Considering their size, its hard to believe that Canada Geese can be ‘invisible,’ but the truth is that most of the year they are so much a part of the landscape that most people, including myself, hardly notice them, and large flocks may even be considered a “nuisance” by officials. Strangely enough, when the flocks start to break up in the Spring and the geese pair up it is nearly impossible to miss them,
no matter how well they blend in with their environment.
Once they begin to pair off, there is constantly a pair of geese flying overhead,
and more than likely one of them will either be answering the challenge of another pair of geese below or issuing their own challenge.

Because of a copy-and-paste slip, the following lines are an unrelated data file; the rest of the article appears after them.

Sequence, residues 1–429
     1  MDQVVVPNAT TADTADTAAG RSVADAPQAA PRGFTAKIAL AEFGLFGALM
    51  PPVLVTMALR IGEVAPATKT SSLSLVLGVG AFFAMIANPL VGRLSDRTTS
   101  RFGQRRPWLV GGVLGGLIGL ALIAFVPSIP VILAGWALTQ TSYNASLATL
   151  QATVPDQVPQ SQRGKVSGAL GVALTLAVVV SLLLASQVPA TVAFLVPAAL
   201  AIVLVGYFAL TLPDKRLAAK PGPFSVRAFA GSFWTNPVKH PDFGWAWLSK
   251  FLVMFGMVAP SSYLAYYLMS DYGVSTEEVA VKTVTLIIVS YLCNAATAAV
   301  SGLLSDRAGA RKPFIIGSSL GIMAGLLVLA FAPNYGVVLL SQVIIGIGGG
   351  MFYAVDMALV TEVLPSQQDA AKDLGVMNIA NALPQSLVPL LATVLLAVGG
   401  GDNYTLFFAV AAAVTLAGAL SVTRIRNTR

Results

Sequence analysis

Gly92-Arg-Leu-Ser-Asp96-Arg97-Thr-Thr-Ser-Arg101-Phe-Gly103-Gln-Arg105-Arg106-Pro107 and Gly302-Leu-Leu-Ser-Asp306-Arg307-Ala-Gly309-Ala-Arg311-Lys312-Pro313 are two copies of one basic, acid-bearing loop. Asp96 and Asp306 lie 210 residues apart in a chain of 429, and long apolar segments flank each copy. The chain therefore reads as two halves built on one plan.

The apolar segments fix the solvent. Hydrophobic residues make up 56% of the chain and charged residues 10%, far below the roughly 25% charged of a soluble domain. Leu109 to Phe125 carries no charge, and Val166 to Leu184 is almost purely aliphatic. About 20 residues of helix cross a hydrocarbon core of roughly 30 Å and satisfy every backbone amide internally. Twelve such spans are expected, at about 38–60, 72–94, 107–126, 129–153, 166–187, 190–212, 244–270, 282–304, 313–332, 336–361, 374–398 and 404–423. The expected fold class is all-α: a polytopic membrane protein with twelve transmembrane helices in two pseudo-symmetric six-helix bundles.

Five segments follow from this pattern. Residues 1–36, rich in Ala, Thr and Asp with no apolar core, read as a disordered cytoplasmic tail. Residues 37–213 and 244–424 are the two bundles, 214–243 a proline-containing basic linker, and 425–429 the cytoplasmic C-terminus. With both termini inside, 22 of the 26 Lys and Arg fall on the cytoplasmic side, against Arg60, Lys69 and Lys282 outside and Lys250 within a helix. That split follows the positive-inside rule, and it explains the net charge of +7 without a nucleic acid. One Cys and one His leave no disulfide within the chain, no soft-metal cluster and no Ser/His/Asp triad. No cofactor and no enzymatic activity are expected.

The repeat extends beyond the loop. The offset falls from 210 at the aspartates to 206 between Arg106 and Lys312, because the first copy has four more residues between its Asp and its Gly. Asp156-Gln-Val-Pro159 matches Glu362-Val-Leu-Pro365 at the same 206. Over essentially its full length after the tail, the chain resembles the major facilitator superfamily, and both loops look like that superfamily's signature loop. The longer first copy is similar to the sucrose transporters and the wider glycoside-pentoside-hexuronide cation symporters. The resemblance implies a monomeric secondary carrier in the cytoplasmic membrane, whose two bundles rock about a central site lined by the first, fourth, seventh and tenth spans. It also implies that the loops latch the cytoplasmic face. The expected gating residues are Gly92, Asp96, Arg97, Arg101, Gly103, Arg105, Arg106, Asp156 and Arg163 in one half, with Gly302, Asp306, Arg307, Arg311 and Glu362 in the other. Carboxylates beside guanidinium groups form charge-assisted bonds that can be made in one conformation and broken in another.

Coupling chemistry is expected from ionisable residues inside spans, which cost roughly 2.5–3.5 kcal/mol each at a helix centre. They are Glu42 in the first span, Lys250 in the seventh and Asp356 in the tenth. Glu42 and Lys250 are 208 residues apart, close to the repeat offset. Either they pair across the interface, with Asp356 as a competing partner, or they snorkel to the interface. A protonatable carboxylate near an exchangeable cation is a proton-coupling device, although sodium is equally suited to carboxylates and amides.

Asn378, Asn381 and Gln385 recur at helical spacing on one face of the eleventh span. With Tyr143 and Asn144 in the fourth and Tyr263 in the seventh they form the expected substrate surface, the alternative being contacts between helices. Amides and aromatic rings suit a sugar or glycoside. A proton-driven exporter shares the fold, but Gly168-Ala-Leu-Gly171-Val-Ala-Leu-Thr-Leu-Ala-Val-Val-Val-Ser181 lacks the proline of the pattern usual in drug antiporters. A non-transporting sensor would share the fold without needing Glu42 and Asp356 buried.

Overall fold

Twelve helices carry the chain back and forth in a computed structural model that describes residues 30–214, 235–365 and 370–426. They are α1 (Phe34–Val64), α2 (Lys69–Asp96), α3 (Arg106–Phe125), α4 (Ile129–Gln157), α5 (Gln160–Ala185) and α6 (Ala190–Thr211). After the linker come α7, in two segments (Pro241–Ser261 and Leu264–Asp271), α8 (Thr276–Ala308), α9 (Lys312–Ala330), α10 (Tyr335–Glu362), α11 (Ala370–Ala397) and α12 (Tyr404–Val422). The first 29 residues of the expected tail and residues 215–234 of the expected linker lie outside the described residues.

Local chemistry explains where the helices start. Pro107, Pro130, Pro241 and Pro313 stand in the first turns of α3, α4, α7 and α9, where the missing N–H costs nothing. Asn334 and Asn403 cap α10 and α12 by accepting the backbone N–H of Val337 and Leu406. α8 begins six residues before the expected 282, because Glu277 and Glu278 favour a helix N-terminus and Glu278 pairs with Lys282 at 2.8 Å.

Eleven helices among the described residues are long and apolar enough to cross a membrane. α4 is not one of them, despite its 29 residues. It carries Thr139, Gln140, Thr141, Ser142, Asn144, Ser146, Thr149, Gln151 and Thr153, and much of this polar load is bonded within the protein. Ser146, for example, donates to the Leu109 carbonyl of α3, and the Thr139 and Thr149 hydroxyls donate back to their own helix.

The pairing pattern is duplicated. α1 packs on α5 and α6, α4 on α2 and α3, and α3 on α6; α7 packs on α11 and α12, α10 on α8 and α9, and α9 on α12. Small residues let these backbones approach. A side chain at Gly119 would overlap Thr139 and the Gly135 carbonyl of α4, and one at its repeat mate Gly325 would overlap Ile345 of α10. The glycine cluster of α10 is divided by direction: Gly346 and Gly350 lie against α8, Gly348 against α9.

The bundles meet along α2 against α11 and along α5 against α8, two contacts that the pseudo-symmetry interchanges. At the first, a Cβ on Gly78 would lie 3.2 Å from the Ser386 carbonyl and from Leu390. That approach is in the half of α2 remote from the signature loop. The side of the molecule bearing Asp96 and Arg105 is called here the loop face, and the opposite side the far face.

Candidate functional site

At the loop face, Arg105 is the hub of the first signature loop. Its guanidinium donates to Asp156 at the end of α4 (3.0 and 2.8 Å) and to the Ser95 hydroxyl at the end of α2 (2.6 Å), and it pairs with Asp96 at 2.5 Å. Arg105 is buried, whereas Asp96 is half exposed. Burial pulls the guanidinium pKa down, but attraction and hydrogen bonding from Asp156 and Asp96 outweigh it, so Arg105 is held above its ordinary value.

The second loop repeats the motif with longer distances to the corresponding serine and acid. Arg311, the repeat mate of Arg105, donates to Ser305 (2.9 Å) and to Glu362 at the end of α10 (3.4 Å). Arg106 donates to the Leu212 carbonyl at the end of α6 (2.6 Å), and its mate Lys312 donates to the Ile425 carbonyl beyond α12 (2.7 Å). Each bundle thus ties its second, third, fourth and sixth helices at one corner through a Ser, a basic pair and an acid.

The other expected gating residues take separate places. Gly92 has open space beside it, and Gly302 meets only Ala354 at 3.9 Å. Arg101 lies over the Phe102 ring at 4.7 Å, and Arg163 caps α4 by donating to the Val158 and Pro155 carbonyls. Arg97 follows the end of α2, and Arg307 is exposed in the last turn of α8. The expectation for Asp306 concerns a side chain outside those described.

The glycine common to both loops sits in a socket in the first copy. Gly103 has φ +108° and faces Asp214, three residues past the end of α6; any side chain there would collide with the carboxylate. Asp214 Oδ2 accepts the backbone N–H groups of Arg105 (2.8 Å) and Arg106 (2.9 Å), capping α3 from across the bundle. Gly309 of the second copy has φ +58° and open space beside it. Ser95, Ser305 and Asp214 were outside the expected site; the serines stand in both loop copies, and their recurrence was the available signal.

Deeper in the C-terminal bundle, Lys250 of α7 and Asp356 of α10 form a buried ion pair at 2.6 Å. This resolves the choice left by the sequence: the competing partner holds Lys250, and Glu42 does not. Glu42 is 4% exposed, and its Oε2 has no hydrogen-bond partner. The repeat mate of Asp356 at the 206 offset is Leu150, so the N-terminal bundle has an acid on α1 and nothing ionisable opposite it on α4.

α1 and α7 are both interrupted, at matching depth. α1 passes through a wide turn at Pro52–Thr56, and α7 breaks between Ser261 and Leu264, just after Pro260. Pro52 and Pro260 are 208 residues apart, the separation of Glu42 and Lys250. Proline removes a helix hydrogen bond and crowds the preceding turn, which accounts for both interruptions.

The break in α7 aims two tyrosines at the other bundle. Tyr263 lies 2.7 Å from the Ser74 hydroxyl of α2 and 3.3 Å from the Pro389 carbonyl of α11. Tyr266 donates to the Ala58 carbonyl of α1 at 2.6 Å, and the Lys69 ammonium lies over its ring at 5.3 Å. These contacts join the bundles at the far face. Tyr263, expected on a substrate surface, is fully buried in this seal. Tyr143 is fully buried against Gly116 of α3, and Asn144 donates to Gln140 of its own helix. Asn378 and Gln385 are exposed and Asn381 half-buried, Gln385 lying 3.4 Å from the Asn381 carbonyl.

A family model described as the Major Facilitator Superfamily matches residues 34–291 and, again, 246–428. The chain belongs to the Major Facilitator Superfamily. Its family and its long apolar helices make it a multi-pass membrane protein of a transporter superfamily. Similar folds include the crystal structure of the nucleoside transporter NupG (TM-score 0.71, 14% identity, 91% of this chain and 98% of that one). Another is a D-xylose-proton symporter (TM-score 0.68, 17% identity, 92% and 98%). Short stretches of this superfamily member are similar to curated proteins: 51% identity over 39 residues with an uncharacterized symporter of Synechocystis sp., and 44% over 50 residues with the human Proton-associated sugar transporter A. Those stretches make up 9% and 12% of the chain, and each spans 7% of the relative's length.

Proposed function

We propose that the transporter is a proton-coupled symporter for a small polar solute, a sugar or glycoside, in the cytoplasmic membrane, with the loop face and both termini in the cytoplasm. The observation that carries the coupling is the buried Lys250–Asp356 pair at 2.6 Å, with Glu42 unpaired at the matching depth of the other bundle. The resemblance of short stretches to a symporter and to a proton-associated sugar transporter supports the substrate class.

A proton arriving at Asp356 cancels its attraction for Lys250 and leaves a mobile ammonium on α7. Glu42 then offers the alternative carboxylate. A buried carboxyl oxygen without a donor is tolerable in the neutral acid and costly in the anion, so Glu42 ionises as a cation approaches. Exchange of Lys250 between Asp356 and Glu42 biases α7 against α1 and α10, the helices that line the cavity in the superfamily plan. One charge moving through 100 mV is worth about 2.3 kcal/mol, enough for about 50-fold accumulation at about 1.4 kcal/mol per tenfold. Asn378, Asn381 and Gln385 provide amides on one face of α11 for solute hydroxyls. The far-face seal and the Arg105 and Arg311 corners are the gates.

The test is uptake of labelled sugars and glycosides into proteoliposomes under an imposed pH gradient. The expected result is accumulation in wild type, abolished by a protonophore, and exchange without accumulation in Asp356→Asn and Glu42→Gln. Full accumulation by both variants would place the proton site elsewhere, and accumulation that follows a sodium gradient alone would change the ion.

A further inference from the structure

At Theler, at least, every pair seems destined to land in the Union River,
where they will confront, or be confronted by, other Canada Geese with exactly the same intention of staking out part of the river as their nesting ground.
Luckily, considering their size and strength, most of these confrontations seem more verbal than physical, and invariably one pair will be left serenely surveying their domain,
at least until their goslings appear.